The houses in the town are mainly made of stone, basalt I think, and there is a certain look to the streets I haven’t seen elsewhere. There are long shared walls running along the street, made of stone and mortar, the mortar in many of them shaped in such a way around the stone to give a leopard-skin pattern to the wall.
There are gutters between the streets and the walls, and each house’s wall has metal doors large enough for a car, painted eggshell blue with rectangular or curved gaps near their tops that are decorated with bars in a fan pattern or the pattern of a sunrise, or even one is curled into the shape of an eagle clutching a snake in its talons. When the doors are open you can see in and there are their stairs and balconies, their laundry and their gardens, like a photograph sitting there, or in the mornings sitting around their tea.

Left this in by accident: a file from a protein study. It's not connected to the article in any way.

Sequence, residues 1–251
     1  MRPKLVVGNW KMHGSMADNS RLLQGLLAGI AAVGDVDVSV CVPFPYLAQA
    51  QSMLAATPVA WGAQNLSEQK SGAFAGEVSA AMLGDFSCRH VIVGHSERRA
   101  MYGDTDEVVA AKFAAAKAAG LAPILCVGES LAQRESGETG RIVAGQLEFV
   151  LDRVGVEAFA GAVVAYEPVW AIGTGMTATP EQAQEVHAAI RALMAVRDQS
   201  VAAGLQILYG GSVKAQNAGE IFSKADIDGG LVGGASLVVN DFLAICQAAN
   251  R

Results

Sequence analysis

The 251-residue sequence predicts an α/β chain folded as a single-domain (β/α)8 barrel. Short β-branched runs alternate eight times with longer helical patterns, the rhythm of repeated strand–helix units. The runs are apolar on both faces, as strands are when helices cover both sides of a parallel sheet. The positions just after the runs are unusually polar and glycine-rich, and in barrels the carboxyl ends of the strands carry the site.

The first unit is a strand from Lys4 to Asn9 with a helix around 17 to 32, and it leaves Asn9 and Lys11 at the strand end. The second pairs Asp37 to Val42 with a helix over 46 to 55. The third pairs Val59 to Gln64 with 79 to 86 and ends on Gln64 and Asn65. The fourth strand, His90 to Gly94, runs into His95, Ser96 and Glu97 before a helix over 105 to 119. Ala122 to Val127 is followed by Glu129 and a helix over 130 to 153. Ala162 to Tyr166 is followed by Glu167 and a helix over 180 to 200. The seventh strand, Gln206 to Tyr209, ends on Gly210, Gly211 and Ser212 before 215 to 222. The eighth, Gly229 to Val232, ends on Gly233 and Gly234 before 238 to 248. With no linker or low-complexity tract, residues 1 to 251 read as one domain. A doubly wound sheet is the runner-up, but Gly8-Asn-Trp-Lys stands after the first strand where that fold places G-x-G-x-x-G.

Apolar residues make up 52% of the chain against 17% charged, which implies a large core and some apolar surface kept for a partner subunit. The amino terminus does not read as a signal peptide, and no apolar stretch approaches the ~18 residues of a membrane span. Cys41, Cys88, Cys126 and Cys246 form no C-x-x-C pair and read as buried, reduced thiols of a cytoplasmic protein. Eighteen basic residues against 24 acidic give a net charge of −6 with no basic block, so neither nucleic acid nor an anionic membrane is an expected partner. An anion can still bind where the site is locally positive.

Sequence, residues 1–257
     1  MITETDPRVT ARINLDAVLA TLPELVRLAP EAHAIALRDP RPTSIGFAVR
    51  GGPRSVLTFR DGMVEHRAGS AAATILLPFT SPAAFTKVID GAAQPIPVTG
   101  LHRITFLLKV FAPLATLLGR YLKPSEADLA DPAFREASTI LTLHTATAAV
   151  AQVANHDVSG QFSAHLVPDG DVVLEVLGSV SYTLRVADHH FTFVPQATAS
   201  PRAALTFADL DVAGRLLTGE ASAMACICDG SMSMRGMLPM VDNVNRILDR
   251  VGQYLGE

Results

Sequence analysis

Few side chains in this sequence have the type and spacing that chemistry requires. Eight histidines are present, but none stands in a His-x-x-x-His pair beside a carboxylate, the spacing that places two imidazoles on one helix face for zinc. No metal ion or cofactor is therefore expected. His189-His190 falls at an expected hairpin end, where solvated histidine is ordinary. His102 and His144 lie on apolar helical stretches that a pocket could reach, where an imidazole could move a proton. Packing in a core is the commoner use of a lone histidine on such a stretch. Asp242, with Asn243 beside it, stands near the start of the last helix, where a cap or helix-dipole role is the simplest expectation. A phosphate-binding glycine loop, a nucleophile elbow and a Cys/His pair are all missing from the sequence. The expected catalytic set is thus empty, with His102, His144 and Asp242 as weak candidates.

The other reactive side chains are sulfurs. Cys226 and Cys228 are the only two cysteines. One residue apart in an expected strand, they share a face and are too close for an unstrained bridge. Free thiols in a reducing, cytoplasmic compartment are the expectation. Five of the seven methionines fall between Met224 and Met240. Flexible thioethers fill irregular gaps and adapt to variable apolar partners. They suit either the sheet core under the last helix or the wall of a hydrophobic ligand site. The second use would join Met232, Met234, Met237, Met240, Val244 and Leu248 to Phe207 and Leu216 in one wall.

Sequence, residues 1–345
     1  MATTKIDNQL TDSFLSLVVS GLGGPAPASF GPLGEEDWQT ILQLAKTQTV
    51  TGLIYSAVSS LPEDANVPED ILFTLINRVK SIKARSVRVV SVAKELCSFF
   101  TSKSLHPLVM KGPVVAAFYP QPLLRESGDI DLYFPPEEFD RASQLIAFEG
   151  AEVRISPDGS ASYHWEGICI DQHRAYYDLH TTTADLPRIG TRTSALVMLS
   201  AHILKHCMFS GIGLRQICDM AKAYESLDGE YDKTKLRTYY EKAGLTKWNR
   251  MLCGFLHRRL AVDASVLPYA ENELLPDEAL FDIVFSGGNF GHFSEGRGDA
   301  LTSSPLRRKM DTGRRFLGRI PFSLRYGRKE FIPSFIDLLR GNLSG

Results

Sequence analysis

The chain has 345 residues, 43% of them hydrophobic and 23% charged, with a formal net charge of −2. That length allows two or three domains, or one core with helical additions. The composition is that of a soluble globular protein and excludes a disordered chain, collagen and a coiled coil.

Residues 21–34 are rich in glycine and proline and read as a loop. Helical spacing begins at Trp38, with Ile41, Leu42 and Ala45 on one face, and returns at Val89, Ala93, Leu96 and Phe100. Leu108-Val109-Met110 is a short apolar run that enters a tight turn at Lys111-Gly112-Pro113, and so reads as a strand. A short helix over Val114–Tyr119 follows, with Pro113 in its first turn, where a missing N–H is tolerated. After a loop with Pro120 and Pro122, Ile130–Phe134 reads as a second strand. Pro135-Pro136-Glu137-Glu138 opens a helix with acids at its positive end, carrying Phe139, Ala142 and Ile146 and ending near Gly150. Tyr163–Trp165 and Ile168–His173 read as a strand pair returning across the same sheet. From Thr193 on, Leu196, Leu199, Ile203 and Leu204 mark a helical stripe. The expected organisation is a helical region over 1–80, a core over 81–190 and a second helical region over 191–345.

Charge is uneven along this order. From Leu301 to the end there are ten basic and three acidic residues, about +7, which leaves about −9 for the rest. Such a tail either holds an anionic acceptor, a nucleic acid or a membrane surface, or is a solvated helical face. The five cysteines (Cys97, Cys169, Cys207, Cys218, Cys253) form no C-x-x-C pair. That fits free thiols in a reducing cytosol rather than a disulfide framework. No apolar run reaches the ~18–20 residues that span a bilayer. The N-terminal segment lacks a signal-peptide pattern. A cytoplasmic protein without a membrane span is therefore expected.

Over the weekend, the math teacher had been dismissed, and the rest of the faculty only learned on Monday, when the vice principal introduced his replacement. He had written his own resignation, and he insisted to anyone, when he was willing to talk, that it had been his decision. But everyone knew he had been pressured; they only wondered what it was that kept him silent.
His replacement had never taught before, but he dressed better, had more self-confidence, and for once math classes appeared silent and busy. But others began to compare the school’s well-advertised hiring standards to the new teacher’s local college diploma, and wondered how he had such an in.